The two-year suspension of Manchester City from European football was lifted by the Court of Sport Arbitration (CAS), the court located in Lausanne said on Monday.
The decision means that the team Pep Guardiola will play in the Champions League next season.
CAS ruled that by disguising equity funding as sponsorship, City did not breach the Financial Fair Play (FFP) rules. The court also reduced a fine from 30 million euros to 10 million euros ($11.30 million) for failure to cooperate with UEFA.
“Most of the alleged violations reported by the CFCB’s (UEFA) Adjudicatory Chamber were either not established or time-barred,” said CAS in a statement.
UEFA, the governing body of European soccer, ruled in February that City had committed severe violations of the FFP and had not cooperated with its investigation.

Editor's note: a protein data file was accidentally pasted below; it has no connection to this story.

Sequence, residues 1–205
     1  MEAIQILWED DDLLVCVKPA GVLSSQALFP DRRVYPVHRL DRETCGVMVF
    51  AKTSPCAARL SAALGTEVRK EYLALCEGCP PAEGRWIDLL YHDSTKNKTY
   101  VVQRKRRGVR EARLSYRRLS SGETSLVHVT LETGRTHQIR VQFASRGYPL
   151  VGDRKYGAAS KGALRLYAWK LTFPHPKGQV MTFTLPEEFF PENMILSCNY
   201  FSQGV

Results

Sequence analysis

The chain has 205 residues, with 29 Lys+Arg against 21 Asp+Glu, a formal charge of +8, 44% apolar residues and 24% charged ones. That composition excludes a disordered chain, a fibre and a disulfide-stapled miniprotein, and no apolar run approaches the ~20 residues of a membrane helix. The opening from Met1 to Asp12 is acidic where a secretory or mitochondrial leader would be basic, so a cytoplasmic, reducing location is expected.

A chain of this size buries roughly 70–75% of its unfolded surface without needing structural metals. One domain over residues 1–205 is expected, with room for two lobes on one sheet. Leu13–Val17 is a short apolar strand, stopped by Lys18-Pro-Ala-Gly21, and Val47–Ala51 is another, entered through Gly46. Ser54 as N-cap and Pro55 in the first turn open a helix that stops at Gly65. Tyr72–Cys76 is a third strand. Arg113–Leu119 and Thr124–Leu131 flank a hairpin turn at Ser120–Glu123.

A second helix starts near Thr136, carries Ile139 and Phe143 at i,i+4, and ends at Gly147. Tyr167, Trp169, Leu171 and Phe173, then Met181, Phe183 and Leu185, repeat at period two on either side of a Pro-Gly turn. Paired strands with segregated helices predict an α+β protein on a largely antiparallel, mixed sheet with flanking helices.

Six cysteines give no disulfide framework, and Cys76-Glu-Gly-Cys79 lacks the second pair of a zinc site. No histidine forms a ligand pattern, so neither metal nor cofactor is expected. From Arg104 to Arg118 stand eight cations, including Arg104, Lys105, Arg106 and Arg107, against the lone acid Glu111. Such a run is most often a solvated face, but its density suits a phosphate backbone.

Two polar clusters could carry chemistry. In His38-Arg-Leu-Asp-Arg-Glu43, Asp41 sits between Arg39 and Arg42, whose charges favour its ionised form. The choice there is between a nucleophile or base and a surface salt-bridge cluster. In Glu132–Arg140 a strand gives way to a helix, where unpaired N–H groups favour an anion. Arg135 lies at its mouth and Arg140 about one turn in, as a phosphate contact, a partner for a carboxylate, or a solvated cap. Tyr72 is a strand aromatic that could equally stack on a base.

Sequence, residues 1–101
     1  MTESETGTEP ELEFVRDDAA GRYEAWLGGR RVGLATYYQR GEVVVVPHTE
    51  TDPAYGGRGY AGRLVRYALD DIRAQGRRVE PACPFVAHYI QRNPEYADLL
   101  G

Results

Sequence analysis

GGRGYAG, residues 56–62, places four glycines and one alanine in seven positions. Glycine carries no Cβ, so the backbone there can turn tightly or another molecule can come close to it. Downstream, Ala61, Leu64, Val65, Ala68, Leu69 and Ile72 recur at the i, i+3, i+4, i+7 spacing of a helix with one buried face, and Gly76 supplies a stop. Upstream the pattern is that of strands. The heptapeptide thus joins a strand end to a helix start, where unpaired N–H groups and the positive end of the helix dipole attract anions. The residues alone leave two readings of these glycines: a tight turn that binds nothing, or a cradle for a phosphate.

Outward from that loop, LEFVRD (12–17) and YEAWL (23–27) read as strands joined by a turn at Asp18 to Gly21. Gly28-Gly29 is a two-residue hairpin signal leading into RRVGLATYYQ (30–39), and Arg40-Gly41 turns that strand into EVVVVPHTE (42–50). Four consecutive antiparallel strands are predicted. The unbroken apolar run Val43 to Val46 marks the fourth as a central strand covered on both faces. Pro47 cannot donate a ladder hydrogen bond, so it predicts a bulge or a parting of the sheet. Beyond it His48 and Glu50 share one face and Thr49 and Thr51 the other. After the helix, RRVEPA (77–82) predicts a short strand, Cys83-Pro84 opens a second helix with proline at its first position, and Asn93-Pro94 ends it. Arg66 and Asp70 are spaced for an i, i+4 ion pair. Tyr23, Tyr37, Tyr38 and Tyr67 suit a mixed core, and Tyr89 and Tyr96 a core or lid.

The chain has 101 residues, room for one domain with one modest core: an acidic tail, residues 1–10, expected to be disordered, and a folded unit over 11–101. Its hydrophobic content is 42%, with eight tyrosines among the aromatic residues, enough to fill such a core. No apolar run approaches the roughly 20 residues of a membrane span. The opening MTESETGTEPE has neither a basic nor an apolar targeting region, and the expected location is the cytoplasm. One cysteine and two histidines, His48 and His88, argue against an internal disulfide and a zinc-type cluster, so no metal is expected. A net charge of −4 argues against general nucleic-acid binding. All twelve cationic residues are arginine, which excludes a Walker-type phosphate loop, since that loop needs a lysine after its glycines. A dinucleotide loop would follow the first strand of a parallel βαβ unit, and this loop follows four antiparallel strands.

Missing out on the Champions League would cost City, who denied wrongdoing, as much as 100 million pounds in bonus money and income from advertising, as well as matchday and other income.
The FFP regulations are designed to prevent clubs from running up big losses by spending on players. They must ensure that sponsorship deals are focused on their real market value and are legitimate trade arrangements — and not ways for owners to inject cash into a club to get around the rules.